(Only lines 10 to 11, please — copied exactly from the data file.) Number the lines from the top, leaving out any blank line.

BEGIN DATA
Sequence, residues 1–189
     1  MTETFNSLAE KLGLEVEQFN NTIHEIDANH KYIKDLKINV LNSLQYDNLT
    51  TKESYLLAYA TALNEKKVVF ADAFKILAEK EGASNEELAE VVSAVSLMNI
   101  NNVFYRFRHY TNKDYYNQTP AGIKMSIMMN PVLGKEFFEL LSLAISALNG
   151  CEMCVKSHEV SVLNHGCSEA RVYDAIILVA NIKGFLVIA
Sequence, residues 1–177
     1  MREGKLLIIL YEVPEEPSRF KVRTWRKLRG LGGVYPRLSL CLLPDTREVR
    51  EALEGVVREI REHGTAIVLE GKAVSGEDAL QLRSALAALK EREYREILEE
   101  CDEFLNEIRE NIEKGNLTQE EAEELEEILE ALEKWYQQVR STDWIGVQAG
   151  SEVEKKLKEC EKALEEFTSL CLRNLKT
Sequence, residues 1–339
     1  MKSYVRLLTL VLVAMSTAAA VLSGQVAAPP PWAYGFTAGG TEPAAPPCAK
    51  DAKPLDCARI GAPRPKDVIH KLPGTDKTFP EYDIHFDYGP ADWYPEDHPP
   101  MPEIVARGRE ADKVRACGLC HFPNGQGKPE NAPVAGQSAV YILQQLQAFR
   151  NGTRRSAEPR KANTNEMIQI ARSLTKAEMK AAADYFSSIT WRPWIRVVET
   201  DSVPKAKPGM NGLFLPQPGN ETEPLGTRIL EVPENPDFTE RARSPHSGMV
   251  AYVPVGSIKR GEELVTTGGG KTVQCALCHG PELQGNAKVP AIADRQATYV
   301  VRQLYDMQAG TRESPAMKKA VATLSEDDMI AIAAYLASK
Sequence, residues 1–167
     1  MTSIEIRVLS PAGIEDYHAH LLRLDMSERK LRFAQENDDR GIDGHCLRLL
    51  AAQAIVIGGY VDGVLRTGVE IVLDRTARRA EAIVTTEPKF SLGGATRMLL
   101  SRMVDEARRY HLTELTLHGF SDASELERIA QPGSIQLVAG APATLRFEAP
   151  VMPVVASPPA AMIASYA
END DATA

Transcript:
   151  SEVEKKLKEC EKALEEFTSL CLRNLKT
Sequence, residues 1–339